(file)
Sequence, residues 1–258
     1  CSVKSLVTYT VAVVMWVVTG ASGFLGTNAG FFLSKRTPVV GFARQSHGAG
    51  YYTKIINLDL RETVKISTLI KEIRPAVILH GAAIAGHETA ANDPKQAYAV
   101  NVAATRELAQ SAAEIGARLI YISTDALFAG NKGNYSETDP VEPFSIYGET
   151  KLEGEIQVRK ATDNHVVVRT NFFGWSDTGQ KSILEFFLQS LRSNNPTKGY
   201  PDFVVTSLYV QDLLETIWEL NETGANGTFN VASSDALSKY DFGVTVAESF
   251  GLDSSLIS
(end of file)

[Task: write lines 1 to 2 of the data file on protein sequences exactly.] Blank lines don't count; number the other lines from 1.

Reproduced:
Sequence, residues 1–258
     1  CSVKSLVTYT VAVVMWVVTG ASGFLGTNAG FFLSKRTPVV GFARQSHGAG